3 min read06 August
This has been a political decision taken by the UK government to soften up the Indian government ahead of trade negotiations and signals a turn away from Pakistan – a country with such a rich shared history and culture.
Late last night, Grant Shapps and the UK government sneaked out that the UAE, Qatar, Bahrain, and India would move from the red list to the amber list. This change means passengers can now quarantine at home rather than paying for the expensive hotel quarantine.
I am delighted that the government feels these countries are safe enough to move to amber – but what about Pakistan?
The rolling 7 day average in Pakistan stands at 14 per 100,000, yet in India, the rate is 20 per 100,000. Total Covid cases in Pakistan are five times lower than in the UK and ten times lower than India.
As a nation, Pakistan has responded well to the pandemic with a low number of deaths and has recently even developed their own vaccine – the “PakVac” – and whilst I accept vaccination rates may be lower than in the UK, they are higher than in India.
Pakistan is subject to higher standards than other countries time and time again
Pakistan, despite being a burgeoning nation, is still young and developing. Its demographics lean towards the younger end of the spectrum and as an economy it is around a tenth the size of the UK.
India, on the other hand, has a population of well over one billion and has had huge leaps in GDP in the past twenty years – the UK has a clear economic interest in appeasing India’s government.
This idea is born out in the government’s original decision to delay changes to India’s travel status earlier this year, as the Prime Minister had a trade visit to the country and a delegation was coming to the UK, ahead of a proposed £1 billion trade deal.
It is worth noting that this delay resulted in the delta variant taking hold and precipitating the calamitous third wave we have just experienced.
That’s before you even get to the economics of the UAE or Qatar, which for countries with a small population, have similar GDP per capita levels to the UK.
What’s worse, they also sneaked out that the price of hotel quarantine was due to increase by between £450 – £800, to a total of £2,200. This is yet again an additional barrier to members of the Pakistani diaspora in the UK who must return home.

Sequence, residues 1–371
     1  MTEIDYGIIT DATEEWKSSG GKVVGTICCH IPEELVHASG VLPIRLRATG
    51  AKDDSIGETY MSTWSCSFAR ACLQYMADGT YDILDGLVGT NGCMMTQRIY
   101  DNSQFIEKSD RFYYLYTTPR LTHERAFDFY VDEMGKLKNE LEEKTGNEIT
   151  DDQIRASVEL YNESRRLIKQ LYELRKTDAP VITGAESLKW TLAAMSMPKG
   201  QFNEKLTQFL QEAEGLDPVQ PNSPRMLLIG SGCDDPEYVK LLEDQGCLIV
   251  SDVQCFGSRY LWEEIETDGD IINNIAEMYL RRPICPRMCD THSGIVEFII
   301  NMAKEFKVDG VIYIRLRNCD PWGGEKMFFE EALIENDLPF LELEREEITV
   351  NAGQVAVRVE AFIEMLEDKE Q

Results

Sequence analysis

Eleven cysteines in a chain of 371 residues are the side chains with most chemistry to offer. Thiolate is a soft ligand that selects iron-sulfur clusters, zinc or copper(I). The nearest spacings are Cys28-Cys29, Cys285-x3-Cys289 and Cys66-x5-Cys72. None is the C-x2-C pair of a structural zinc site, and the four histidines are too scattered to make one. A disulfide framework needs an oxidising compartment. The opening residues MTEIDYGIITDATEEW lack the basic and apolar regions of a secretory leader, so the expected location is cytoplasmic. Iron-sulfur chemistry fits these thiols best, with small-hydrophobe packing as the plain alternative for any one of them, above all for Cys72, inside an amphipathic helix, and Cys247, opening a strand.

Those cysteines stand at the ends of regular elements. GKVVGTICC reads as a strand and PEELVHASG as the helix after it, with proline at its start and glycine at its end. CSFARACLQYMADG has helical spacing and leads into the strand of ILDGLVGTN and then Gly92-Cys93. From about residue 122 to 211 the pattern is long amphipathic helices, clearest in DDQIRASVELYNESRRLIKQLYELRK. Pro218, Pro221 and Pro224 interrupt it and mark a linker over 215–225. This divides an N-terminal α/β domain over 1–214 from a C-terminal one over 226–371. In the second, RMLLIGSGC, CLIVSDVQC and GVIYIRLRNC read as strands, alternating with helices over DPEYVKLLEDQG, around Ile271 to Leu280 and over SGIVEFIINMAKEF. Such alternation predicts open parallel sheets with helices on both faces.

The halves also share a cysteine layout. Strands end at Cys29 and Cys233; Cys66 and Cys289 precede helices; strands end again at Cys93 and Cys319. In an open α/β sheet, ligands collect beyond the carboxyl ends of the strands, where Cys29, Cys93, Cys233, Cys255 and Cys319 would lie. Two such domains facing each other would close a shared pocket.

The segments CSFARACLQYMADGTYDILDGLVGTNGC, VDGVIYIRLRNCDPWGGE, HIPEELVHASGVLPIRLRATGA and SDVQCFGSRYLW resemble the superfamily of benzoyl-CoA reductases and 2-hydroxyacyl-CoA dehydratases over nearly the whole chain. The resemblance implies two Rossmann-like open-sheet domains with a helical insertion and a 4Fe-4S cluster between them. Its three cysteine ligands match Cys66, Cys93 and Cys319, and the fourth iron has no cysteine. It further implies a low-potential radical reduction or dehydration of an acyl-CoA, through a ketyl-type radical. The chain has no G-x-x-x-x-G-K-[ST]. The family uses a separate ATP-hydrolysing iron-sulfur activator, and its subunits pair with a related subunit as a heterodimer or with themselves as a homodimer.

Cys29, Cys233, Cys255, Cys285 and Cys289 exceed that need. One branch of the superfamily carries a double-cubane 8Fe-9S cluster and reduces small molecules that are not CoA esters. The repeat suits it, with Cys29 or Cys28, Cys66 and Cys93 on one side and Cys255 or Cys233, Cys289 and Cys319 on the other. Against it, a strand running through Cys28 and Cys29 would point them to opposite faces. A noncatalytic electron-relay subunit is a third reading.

My office is inundated with correspondence from people from all over the UK who are currently in substandard hotel quarantine, paying exorbitant costs, because they have had to attend family funerals in Pakistan, or to wrap up family matters. Many students seeking to attend university in the UK from Pakistan are unable to do so as they cannot pay the extortionate fees.
This has been a key campaign for me in recent months.
I have written to the government calling on it to outline why Pakistan is subject to higher standards than other countries time and time again, to no avail. I have tabled Parliamentary Questions on data, science, and case rates, again, to no avail. I have even met the Ministers responsible and senior FCDO officials, again, to no avail.
Ultimately, this has been a political decision taken by the UK government to soften up the Indian government ahead of trade negotiations and signals a turn away from Pakistan – a country with such a rich shared history and culture.
As chair of the APPG on Pakistan, I have called on the government to place Pakistan alongside the other nations on the amber list, however I am not sure Pakistan fits into its plans for “Global Britain” – whatever that slogan even means.
Yasmin Qureshi is the Labour MP for Bolton South East and chair of the APPG on Pakistan.
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